This AI Paper from SambaNova Presents a Machine Learning Method to Adapt Pretrained LLMs to New Languages

The rapid advancement of large language models has ushered in a new era of natural language processing capabilities. However, a significant challenge persists: most of these models are primarily trained on a limited set of widely spoken languages, leaving a vast linguistic diversity unexplored. This limitation not only restricts the accessibility of cutting-edge language technologies but also perpetuates a technological divide across linguistic communities.

Researchers have tackled this challenge in this study by proposing a novel AI method named SambaLingo. This approach aims to adapt existing, high-performing language models to new languages, leveraging the strengths of pre-trained models while tailoring them to the unique characteristics of the target language.

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Previous efforts to address this issue have primarily focused on training monolithic multilingual or language-specific models from scratch. However, these approaches face significant hurdles, including the curse of multilinguality, data scarcity, and the substantial computational resources required. Adapting English-centric models to new languages has emerged as a promising alternative, demonstrating the potential to outperform language-specific models pre-trained from scratch.

The SambaLingo methodology begins with the selection of a suitable base model that has already exhibited exceptional performance in its initial language. In this study, the researchers chose the open-source Llama2 7B model, renowned for its English language capabilities, as their starting point.

To effectively capture the linguistic nuances of the target language, the researchers expanded the model’s vocabulary by adding non-overlapping tokens from the target language and initializing them using sub-word embeddings from the original tokenizer. This crucial step ensures that the model can accurately tokenize and represent the new language, paving the way for seamless adaptation.

Next, the researchers employed a continual pre-training approach, feeding the model a carefully curated mixture of English and target language web data sourced from CulturaX. The data mixture followed a 1:3 ratio, biased towards the target language, to strike a delicate balance between preserving the model’s existing knowledge and adapting it to the new linguistic landscape.

To further enhance the model’s alignment with human preferences, the researchers implemented a two-stage process: supervised fine-tuning (SFT) and direct preference optimization (DPO). During SFT, they utilized the ultrachat-200k dataset and its machine-translated version. For DPO, they employed ultra feedback and cai-conversation-harmless datasets, blending them with a 10:1 ratio of English to machine-translated data.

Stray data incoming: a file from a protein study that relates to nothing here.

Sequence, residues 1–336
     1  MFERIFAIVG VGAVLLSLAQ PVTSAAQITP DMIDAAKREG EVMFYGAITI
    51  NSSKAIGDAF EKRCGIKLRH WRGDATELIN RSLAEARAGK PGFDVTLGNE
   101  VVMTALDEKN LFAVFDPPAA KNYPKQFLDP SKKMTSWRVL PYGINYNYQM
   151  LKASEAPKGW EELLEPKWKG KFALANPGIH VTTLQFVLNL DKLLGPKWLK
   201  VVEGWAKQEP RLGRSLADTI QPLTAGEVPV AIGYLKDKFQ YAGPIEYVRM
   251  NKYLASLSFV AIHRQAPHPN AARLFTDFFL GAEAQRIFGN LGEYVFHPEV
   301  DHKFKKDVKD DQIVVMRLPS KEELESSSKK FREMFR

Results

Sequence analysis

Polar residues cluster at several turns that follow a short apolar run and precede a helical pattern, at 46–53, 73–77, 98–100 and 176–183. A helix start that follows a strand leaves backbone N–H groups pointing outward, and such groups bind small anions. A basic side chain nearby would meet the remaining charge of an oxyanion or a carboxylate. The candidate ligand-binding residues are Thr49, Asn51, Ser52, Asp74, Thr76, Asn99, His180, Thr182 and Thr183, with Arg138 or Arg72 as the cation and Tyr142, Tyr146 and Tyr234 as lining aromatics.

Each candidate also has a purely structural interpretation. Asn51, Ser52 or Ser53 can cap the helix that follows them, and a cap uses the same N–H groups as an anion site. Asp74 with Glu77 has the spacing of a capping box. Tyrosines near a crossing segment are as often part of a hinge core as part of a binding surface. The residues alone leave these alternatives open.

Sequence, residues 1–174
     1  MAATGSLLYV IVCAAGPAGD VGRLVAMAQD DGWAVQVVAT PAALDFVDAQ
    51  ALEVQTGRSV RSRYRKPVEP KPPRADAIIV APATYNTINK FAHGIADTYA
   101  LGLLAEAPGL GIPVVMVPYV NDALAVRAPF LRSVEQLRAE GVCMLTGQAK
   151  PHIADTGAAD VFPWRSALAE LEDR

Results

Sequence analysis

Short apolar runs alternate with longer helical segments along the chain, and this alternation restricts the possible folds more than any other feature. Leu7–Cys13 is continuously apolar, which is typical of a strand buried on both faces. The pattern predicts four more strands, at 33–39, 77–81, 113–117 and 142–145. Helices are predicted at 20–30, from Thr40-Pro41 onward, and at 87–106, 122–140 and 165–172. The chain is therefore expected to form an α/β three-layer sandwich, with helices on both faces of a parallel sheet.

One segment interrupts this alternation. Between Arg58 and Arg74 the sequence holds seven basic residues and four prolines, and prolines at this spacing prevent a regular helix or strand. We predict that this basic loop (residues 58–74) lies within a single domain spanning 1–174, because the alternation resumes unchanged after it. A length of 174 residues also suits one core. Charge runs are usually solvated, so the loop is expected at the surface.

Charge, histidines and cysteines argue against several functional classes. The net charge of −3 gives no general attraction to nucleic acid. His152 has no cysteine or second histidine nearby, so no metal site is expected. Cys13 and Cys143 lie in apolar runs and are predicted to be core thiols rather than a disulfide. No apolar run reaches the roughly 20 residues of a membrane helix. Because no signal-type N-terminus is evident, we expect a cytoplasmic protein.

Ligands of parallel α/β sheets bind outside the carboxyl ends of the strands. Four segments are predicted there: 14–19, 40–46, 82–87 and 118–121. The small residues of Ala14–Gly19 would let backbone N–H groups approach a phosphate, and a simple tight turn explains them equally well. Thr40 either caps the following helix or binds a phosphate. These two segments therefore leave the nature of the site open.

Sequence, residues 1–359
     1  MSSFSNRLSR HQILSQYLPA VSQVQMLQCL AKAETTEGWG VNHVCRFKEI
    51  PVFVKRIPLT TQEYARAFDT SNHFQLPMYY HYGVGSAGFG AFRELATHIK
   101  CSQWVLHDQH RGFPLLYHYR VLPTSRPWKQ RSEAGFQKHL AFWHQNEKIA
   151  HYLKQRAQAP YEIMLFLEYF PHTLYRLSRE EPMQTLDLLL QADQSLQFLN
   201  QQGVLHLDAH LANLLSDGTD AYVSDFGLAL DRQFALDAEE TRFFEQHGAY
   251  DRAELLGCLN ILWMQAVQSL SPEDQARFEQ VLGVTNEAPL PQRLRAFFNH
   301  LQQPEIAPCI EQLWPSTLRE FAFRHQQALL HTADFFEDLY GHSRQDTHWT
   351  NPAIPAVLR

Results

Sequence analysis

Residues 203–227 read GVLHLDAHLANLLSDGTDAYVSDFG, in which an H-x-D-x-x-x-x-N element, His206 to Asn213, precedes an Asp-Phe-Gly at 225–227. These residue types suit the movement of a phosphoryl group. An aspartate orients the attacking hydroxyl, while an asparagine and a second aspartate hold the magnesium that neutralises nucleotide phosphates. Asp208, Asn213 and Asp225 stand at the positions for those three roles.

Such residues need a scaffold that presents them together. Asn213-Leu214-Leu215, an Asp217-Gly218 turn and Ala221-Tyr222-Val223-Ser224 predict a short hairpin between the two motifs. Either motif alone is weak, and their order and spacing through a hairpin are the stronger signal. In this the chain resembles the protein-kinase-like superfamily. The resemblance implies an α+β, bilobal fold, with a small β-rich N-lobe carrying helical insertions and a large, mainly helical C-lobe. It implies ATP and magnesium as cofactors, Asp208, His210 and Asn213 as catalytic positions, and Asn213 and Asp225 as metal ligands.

The researchers rigorously evaluated the SambaLingo models across various tasks and languages, including language modeling, translation, text classification, open-book and closed-book question answering, and various natural language understanding benchmarks as shown in Table 1. The models were tested on nine typologically diverse languages: Arabic, Thai, Turkish, Japanese, Hungarian, Russian, Bulgarian, Serbian, and Slovenian.

Across multiple benchmarks, the SambaLingo models consistently outperformed existing state-of-the-art models in these languages. For instance, on the perplexity benchmark, which measures language modeling performance, the SambaLingo models achieved lower perplexity scores than all existing baselines on a held-out set from their training data (Figure 1). Furthermore, when scaled to the larger Llama2 70B parameter scale, the SambaLingo models exhibited even better performance, surpassing their 7B counterparts across multiple benchmarks, despite being trained on fewer tokens.

To validate the quality of the model’s outputs and their alignment with human preferences, the researchers employed GPT-4 as an impartial judge, evaluating the model’s responses to real user prompts. The results were promising, with SambaLingo consistently outperforming other models in the same languages, as judged by GPT-4’s preferences and logical explanations.

In summary, the SambaLingo methodology represents a significant stride towards democratizing artificial intelligence across linguistic diversity. By leveraging the strengths of existing high-performing models and tailoring them to new linguistic landscapes, this approach offers a scalable and efficient solution to the challenge of language barriers. With its state-of-the-art performance and alignment with human preferences, SambaLingo paves the way for a future where the benefits of AI transcend linguistic boundaries, fostering inclusivity and accessibility for all.

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Vineet Kumar is a consulting intern at MarktechPost. He is currently pursuing his BS from the Indian Institute of Technology(IIT), Kanpur. He is a Machine Learning enthusiast. He is passionate about research and the latest advancements in Deep Learning, Computer Vision, and related fields.

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